*  The implementation of various operational efficiences while I was Curator, then Park Director, at Cotswold Wildlife Park, Burford, Oxfordshire, as well as improvements to the marketing and promotion of the Park, the writing of a new Guide Book and the establishment of an Education Department for schools in association with the Oxfordshire Education Authority.  These and other changes resulted in a new record visitor attendance figure for 1983 of 343,000 and the beginning of a stronger financial operating base for the Park.  The annual trophy of the Thames and Chilterns Tourist Board for contributions to tourism in that area was awarded to me personally for the year 1982 – 1983.

While working at the Park and living in the Cotswolds was a delightful experience in many ways, my wife and I became concerned when our small son began to experience racial abuse at the local school.  We eventually decided that he needed to grow up in a more diverse, more cosmopolitan environment, and we moved back to Bristol, my home city, at the end of 1983.

The setting-up of my company, Natural Habitats Ltd, in 1988 and through this the development of new products such as custom-designed natural history videos and natural world-related sound mixes and effects;  also a range of custom-designed, back-lit graphics displayed on light box systems which I supplied to dozens of aquariums in the UK and mainland Europe up to 2008 – see fourth and fifth pictures down on left.  The London and Berlin Aquariums, as well as the National Marine Aquarium, Plymouth, all opened with these or similar products from Natural Habitats on display.  Natural Habitats supplied around 20 custom-produced interactive videos to the London Aquarium alone, with titles such as ‘Fish Senses’, ‘What is a Fish?’, ‘Fish as Parents’ and ‘Schooling’.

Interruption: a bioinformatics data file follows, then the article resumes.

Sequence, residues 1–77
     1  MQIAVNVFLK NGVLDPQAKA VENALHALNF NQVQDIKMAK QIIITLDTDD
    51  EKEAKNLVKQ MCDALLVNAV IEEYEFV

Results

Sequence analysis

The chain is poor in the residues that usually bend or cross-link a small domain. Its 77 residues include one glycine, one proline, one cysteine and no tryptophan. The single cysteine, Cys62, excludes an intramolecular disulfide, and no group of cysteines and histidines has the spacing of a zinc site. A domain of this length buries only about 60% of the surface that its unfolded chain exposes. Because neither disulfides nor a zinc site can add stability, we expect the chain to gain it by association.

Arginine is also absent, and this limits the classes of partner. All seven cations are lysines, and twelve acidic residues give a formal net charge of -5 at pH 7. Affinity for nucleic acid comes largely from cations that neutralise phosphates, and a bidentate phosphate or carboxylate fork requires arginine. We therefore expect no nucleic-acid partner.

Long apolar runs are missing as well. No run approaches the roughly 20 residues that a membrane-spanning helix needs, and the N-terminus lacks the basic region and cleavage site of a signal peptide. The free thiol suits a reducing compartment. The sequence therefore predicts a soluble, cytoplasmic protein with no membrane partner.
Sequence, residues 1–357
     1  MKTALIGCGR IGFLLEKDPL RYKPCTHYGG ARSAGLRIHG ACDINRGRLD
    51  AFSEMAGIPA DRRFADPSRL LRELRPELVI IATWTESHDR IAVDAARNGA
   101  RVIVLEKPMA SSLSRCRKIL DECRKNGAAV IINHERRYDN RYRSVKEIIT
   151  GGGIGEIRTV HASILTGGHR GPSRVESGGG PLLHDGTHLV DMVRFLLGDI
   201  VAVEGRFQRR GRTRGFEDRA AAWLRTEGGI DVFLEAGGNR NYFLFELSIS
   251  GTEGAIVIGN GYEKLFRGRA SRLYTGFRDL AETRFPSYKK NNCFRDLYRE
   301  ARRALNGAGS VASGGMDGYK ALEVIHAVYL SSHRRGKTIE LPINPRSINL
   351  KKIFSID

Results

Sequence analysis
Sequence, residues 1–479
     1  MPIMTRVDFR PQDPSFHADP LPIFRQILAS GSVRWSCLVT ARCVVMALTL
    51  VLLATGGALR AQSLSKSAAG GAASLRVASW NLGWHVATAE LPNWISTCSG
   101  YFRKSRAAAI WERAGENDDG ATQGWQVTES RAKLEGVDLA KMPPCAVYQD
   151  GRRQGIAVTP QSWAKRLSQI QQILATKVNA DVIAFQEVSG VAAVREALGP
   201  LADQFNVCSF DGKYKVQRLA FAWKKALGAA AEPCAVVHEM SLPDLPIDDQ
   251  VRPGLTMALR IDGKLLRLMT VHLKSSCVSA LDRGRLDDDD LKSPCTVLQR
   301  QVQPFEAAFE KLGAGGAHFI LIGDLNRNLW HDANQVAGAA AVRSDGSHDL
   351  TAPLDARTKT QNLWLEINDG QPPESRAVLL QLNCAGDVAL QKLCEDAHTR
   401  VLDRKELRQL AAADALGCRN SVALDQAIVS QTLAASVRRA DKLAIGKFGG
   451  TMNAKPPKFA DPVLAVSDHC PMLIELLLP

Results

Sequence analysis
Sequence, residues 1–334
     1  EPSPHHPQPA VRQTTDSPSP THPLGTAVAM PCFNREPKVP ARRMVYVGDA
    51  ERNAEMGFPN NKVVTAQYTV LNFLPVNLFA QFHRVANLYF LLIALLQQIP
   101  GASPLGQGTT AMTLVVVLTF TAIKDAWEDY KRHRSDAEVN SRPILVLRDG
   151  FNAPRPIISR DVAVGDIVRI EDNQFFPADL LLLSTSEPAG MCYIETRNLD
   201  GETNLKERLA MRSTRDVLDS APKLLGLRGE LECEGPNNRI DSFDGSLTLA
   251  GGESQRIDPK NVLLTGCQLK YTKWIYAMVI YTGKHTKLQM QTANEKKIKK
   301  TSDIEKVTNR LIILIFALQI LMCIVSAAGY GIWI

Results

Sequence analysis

*  The production, in 1995, of a diverse package of sound effects for Legoland Windsor.  Because the subject material for this project was quite outside my usual field of the natural world, the project was particularly stimulating and challenging.  Legoland was constructing a new concept called Miniland at its highly successful visitor attraction at Windsor, with various activities and locations from all over the country reproduced in miniature using Lego materials.  There was a London Underground railway station, the open-air Minack Theatre in Cornwall with actors in an on-going play, changing of the guard at Buckingham Palace and 30 or 40 other scenarios, each requiring its own specially created sound mix.  (See Tower Bridge in Miniland at Legoland Windsor, sixth picture down on left).  I hired sound studios and sound engineers and put together teams of actors, actresses and professional voice-overs;  I also had to put together various one-off contraptions that could produce the sometimes unusual sounds required.  To my considerable delight (I was still fairly new to the business of audio production) the project went very well and production took place over several months.  Later, Lego asked me if I would also produce the sound effects for the new Legoland planned for San Diego, USA.  To my huge regret I had to  decline this opportunity due to other work commitments.

I may be contacted by email or telephone via the ‘Contact’ button above right.

Bob Golding, Bristol, England, 2017.